“It’s the little tipsy house up on the cliffs.”
“What do you mean . . . ‘tipsy house’?”
“It’s the one that leans to the side, like it’s had too much to drink.”
Mr. Tanaka didn’t seem to know what to make of this. “Well, Sugi, walk up toward Sakamoto’s tipsy house and look for Dr. Miura. You won’t have trouble finding him. Just listen for the sound of his patients screaming when he pokes them.”
I imagined Mr. Tanaka would go back to his work after Sugi had left; but instead he stood near the table a long while looking at me. I felt my face beginning to burn. Finally he said something I thought was very clever.
“You’ve got an eggplant on your face, little daughter of Sakamoto.”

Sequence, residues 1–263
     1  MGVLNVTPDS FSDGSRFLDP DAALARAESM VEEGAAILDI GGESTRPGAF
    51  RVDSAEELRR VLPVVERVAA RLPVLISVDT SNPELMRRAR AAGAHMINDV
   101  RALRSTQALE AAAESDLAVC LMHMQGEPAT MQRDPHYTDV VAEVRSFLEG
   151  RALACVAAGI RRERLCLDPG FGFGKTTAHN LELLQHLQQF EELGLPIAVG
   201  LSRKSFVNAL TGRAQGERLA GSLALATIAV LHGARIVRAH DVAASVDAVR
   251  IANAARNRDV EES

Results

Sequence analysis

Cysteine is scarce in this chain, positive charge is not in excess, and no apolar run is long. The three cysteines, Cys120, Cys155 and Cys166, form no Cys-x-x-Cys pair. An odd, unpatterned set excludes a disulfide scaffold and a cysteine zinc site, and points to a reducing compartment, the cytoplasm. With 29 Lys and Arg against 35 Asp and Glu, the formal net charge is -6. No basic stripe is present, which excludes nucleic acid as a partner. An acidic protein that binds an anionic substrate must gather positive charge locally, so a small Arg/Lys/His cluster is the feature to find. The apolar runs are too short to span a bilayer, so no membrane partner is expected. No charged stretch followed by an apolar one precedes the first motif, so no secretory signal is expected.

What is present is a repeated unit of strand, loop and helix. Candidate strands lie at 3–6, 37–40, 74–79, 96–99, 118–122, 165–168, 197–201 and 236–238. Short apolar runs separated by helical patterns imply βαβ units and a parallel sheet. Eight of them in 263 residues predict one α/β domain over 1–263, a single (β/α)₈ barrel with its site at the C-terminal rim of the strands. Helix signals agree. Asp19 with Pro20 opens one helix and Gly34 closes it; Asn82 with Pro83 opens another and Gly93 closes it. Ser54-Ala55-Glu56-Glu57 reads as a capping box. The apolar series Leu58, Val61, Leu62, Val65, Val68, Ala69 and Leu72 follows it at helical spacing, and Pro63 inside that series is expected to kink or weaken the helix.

He went to a drawer and took out a small mirror to show it to me. My lip was swollen and blue, just as he’d said.
“But what I really want to know,” he went on, “is how you came to have such extraordinary eyes, and why you don’t look more like your father?”
“The eyes are my mother’s,” I said. “But as for my father, he’s so wrinkled I’ve never known what he really looks like.”
“You’ll be wrinkled yourself one day.”
“But some of his wrinkles are the way he’s made,” I said. “The back of his head is as old as the front, but it’s as smooth as an egg.”
“That isn’t a respectful thing to say about your father,” Mr. Tanaka told me. “But I suppose it’s true.”
Then he said something that made my face blush so red, I’m sure my lips looked pale.
“So how did a wrinkled old man with an egg for a head father a beautiful girl like you?”
In the years since, I’ve been called beautiful more often than I can remember. Though, of course, geisha are always called beautiful, even those who aren’t. But when Mr. Tanaka said it to me, before I’d ever heard of such a thing as a geisha, I could almost believe it was true.